From the Troian War to the 1915 Dardanelles (Çanakkale) battles of the First World War, the motive for belligerencies always remained the same: controlling the Peninsula, a channel-gate and a bridge-heat in one. Nations, armies, commanders and heroes, however, changed. A large collection of major historical personalities ranging from Xerxes, Agamemnon, Priamos, Alexander the Great, Çaka Bey, and Mehmet the Conqueror, to Churchill, Liman Von Sanders, Ian Hamilton, Enver Paşa, Kazım Karabekir and Mustafa Kemal Atatürk have been involved in the area, either to attack, to defend, to fortify or to cross.
Criterion (vi): Çanakkale and Gallipoli battles constitute a landmark in the world military and political history. This is frequently acknowledged. The significance of these battles in the world cultural history however, is not well known. Examples of battles which turn prejudiced foes into admiring and respecting counterparts, and make war look more like a sports event or an adventure, and a the same time offer periods of calmness allowing individuals to introspect and explore the meaning of life and human experience through their immediate environment (rich in archaeology, history, flora and fauna), are extremely rare. Indeed, with large number of personal diaries kept, letters and poems written, observations sketched, sceneries painted, collections made and instances of friendly encounters with the foe. Gallipoli battles constitute the only where ‘war’ turns into a unique social and cultural happening and becomes an open invitation for mutual understanding, respect and tolerance, better said, for ‘peace’.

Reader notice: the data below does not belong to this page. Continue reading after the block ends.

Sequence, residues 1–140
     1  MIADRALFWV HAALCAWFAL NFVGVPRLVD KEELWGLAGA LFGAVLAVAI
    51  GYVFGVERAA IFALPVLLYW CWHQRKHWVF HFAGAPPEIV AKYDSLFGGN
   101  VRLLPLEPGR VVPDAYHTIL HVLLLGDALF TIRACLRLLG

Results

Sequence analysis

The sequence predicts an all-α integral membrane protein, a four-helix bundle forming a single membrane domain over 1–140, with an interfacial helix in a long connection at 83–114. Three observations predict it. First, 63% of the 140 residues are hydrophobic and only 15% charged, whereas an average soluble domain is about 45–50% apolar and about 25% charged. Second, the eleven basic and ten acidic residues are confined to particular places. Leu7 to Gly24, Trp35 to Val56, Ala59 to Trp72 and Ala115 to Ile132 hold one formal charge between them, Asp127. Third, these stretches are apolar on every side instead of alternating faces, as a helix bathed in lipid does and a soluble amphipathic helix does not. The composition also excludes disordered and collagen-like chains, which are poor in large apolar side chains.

Statements of authenticity and/or integrity